Showing posts from 2014

13cu kenmore chest feezer real-world energy efficency

This 13cu ft. freezer (model 16342) was sold by sears in 2013, but does not currently seem to be in their catalog. It is/was made by Frigidaire; as far as I can tell they were the only one's to make a 13cu freezer; other company's just put their name on it. So far I like it, but that may be rather moot for you, if it's discontinued.Here I'm interested in how much energy it uses as a function of the ambient room temperature in our enclosed patio (much higher in the summer than winter), which presumably will generalize to other similar models. 

So, for the summer of 2014, which in San Diego was hot, hot, hot (80-90 highs), I measured it at 37 watts/hour, averaged over 33 days). That's 324kWh/year, should the efficiency stay the same year round. I'm betting, however, that it will need less electricity in the winter months, when the room is cooler, though.  The EPA estimate is 326kWh; I'm impressed that they are reporting what seems to be the upper bound. In 2014, however, when I measured over 82 days of summer, I found the watts/hour to be 54, or 476 kwH/year. Much less impressive.

In San Diego, with current electricity prices, that means the freezer will cost about $50 a year to run. I'll update this post once I've been able to test performance at lower temperatures.

software to record time-lapse video (garden/nanny cam) under windows xp

There are lots of reasons you might want to use a webcam to record time-lapse video. In my case it was to figure out what pest was eating my butternut squash and tomato plants in the garden. I used a 33 ft usb extension cable so I could place an old webcam outside near the plant, and connect it to my old netbook inside the house. In SoCal it never rains so I didn't worry much about the equipment getting damaged, but I didn't want to leave my laptop outside just in case.

I tried several programs. So far all have issues, so I'm open to suggestions. Here they are, sorted in descending order of usefulness (to me).

AVS Video Recorder (Free) worked very well for 30fps video recording with sound, but doesn't have any options to record video without sound, and at a slower frame rate. Mp4/AVC was supported, so the file sizes were manageable if I recorded at 360x240, but it was really hard to see what was going on at that resolution.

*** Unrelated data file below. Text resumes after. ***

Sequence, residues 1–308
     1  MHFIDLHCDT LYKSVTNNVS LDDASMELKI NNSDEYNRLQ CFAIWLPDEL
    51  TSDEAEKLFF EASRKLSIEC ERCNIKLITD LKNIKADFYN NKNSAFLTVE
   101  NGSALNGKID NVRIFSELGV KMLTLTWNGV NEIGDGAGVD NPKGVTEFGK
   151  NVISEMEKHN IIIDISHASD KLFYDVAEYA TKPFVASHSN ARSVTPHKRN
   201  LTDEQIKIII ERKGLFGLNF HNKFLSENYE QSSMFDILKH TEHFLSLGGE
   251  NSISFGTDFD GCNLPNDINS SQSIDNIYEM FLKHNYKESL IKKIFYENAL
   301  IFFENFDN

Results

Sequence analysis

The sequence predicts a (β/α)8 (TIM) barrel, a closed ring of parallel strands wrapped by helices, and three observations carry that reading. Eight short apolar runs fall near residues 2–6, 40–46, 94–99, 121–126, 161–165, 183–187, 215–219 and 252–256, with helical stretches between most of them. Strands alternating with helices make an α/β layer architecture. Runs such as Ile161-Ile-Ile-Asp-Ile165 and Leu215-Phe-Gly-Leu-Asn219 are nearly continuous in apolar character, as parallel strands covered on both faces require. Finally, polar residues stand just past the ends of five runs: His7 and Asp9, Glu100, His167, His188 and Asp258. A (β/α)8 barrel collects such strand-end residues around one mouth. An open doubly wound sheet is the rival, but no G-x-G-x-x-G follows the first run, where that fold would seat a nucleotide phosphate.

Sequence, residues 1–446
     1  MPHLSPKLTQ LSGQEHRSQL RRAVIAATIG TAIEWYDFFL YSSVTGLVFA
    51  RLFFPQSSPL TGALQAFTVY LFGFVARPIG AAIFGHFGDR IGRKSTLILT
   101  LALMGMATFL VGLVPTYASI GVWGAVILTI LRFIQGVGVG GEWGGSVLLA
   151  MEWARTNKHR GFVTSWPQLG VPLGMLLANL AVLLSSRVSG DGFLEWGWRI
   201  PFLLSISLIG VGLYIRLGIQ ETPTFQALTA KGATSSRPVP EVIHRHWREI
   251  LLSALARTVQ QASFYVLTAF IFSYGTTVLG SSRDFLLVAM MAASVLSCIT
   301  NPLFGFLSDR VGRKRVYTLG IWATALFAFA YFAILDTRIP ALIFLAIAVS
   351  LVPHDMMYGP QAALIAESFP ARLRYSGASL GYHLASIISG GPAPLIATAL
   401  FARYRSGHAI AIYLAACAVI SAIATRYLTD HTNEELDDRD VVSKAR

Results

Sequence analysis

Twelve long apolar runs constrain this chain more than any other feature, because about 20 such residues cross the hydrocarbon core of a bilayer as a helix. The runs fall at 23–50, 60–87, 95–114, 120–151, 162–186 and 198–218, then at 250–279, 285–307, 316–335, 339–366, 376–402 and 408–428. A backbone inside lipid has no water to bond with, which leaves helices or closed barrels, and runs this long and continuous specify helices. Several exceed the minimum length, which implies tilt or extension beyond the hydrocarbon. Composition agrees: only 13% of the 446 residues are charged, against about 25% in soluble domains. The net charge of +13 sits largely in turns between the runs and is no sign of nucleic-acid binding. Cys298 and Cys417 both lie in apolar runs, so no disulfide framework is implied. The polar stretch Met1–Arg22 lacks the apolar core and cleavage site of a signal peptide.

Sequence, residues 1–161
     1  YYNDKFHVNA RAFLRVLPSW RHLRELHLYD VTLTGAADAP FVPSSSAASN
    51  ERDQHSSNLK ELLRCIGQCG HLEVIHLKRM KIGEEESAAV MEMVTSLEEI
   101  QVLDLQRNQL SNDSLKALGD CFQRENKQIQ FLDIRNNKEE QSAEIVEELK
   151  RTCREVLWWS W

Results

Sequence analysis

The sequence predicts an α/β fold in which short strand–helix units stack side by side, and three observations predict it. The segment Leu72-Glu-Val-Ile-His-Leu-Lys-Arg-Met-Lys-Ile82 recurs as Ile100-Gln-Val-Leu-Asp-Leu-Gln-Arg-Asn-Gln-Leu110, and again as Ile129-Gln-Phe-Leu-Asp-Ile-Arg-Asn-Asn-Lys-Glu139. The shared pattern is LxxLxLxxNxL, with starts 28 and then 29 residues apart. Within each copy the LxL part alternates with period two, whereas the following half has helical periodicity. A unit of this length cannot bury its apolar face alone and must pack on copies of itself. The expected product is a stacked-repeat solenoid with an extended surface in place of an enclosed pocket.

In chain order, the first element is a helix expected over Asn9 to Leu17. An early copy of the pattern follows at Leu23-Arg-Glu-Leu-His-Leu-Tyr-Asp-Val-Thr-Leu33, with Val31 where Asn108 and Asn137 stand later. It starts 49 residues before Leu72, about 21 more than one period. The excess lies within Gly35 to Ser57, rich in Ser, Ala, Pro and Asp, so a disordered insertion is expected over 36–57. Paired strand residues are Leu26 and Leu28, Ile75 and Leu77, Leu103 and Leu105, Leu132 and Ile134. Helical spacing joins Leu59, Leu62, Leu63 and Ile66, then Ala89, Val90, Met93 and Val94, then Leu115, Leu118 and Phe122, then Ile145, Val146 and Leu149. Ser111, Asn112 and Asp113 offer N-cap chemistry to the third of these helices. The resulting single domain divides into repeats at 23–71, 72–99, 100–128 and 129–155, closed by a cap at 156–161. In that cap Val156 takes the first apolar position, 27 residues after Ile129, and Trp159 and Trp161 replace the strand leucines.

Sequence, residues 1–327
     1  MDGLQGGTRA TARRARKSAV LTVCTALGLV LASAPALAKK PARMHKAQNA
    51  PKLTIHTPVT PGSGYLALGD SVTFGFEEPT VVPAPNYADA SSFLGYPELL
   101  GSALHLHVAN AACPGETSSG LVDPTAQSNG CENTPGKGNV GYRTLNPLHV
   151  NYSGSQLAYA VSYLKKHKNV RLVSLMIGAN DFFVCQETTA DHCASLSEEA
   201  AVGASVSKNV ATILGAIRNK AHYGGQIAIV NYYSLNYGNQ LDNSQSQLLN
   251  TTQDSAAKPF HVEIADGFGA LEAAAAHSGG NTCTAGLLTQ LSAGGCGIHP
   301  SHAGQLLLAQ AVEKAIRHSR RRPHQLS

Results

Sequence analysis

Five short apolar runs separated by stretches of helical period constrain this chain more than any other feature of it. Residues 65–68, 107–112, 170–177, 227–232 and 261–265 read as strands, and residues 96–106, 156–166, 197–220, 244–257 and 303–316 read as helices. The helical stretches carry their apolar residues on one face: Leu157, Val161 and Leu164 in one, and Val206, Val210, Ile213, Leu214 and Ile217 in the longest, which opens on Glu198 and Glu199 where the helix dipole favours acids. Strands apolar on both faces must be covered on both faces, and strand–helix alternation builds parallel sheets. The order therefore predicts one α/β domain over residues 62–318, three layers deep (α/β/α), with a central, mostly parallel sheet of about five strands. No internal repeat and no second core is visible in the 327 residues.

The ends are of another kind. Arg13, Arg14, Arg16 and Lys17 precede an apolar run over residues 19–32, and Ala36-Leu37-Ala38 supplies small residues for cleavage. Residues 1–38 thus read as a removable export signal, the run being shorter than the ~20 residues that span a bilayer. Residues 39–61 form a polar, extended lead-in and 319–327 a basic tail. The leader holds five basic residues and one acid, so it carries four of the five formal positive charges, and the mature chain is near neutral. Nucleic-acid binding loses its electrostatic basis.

Webcam/Screen Video Capture (free) looks real slick, and was able to detect my camera correctly. But it doesn't offer any way to change the fps, and the video formats it can record to are somewhat dated. Plus, the installer was very eager to install ad-ware, though if you read carefully it all could be bypassed.

NCH Debut Video Capture ($40) claimed to be free for home use, but actually only a 3-day limited time demo, and is useless after that period. If it weren't so buggy, this might have worked the best of what I tried, in that it supported arbitrary resolution, frame rates, and even time lapse (10 frames a second, 1 frame a second, or slower, all recorded to MP4/AVC). The killer, however, is that it seems to occasionally write corrupted video to disk, such that any attempt to read the file after the corrupted frame fails. A bit of a show-stopper, that. I think it had to do with dropped frames, but the demo expired before I could fully investigate. I tested version 2.00, maybe they will fix this someday.

Weeny Free Video Recorder - only supports windows media (8/9) and though it advertises custom frame rates, no matter what I entered it recorded at 30 instead. It did support my webcam, but the interface was very buggy, at least under WinXP. I'd avoid this one.

One meta program is ManyCam, which allows you to combine multiple webcams into a single virtual camera. But it didn't work with my old Intel USB Video Camera (failed with no error message). So I can't recommend it.

Pale Moon: an alternative to the FireFox 29 interface mess

Like many, I recently rebooted my computer only to discover that FireFox had updated itself once again. This time, the changes were, at the very least, cosmetic. I don't mean they were small, however; rather, the browser looks quite different (uglier) and more important to me, it forces the use of tabs, something which I've managed to avoid for the last few years. Force as in the tab bar is always open whether you want it or not.

My options: downgrade to Firefox 28 (the old interface) knowing that security holes would no longer be patched, or look for another browser. Chrome is a great alternative if you like tabs, but my goal was one window per webpage, so I looked farther afield. Or closer, perhaps: I found Pale Moon, a browser based on Firefox 24, with (some) security fixes back-ported.

The Pale Moon advantages:
  • The same look as Firefox 28 (and older) - yay, I can avoid tabs again!
  • Optimized for more modern processors
  • Features I don't use have been removed, so it should be somewhat more lightweight
Sadly, the experience hasn't been that positive.  Most notably, I've found Pale Moon to be unstable - in two days it has crashed hard once, and misbehaved to the point of needing to be restarted another time. Make that three times - it crashed again while I was composing this post (Of course, that might have been an attempt at self-preservation).

Now to be fair, I've only used it on one machine - WinXP 64. Maybe it is more stable on another setup. But I'm not going to give it another chance. In part that's because of another issue: Pale Moon is based on Firefox source, so Firefox bugs are also PaleMoon bugs. Thus, while no malware is going to target PaleMoon specifically because of its minute market share, anything written to target older versions of FireFox will also hit Palemoon (because it's not updated as fast as Firefox).